The oxidation process in the plasma generating reactor 10 is carried out under the conditions of a substrate temperature of 220-400° C., a reactor pressure of 0.1-6 torr, an oxygen-containing gas flow rate of 10-500 sccm, and a plasma source power of 50-300W. If the substrate temperature is less than 220° C., physical adsorption rather than chemical adsorption is dominant. If the substrate temperature exceeds 400° C., the precursor is decomposed so that it is difficult to remove the physically adsorbed precursor particles in a later process. If the reactor pressure is less than 0.1 torr or exceeds 6 torr, it is difficult to generate plasma. If the oxygen-containing gas flow rate is less than 10 sccm, the amount of the oxygen-containing gas as an oxidizing agent is absolutely insufficient. If the oxygen-containing gas flow rate exceeds 500 sccm, a purging period following the oxidation process must be extended due to the presence of residual oxidizing agents in the reactor. If the plasma source power is less than 50W, it is difficult to generate oxygen radicals. If the plasma source power exceeds 300W, the resulting atomic layer can be damaged by ion bombardment.

The present invention will be described in greater detail by means of the following examples. The following examples are for illustrative purposes and are not intended to limit the scope of the invention.

EXAMPLE 1

0.2M Sr(tmhd)2 having formula (3) was dissolved in n-butylacetate and then supplied into the plasma generating reactor shown in FIG. 1. Plasma was generated under the following conditions to deposit an atomic layer on a substrate through oxidation reactions induced by activated oxygen radicals: a substrate temperature of about 250° C., a reactor pressure of about 3 torr, an oxygen flow rate of about 100 sccm, and a plasma source power of about 180 W.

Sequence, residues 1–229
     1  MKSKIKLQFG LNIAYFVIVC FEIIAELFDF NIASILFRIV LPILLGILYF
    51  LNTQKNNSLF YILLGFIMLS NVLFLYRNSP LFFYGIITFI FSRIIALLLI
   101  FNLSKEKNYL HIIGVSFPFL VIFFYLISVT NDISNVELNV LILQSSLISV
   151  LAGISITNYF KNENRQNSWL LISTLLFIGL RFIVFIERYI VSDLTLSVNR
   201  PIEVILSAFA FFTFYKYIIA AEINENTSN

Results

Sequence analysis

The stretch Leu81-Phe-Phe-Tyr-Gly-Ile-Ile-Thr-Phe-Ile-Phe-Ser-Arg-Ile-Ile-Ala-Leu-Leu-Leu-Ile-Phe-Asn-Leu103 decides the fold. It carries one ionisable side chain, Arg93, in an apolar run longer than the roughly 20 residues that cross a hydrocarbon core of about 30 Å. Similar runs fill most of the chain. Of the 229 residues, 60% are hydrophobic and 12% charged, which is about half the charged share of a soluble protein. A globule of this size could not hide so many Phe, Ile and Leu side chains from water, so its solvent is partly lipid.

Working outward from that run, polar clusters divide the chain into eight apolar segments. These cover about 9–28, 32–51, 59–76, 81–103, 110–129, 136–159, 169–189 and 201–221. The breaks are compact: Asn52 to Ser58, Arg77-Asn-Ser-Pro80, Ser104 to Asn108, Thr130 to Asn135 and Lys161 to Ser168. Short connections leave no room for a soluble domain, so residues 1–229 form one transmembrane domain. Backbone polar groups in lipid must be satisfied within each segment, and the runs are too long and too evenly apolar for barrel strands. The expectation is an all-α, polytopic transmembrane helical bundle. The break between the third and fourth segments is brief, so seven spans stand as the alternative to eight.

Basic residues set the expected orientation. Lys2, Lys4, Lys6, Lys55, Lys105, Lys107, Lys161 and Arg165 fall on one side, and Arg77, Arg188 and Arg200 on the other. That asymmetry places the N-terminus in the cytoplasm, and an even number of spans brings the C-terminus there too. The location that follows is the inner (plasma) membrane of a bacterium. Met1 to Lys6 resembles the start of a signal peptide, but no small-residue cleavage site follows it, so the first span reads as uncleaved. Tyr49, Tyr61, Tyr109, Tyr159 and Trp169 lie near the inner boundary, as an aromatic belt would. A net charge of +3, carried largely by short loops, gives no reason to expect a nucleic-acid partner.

EXAMPLE 2

An atomic layer was deposited on a substrate in the same manner as in Example 1, except that Ti(O)(tmhd)2 having formula (4) was used instead of Sr(tmhd)2 having formula (3).

EXAMPLE 3

An atomic layer was deposited on a substrate in the same manner as in Example 1, except that Ti(i-OPr)2(tmhd)2 having formula (6) was used instead of Sr(tmhd)2 having formula (3).

EXAMPLE 4

An atomic layer was deposited on a substrate in the same manner as in Example 1, except that Ti(dmpd)(tmhd)2 having formula (11) and nitrogen oxide were used instead of Sr(tmhd)2 having formula (3) and oxygen, respectively.

EXAMPLE 5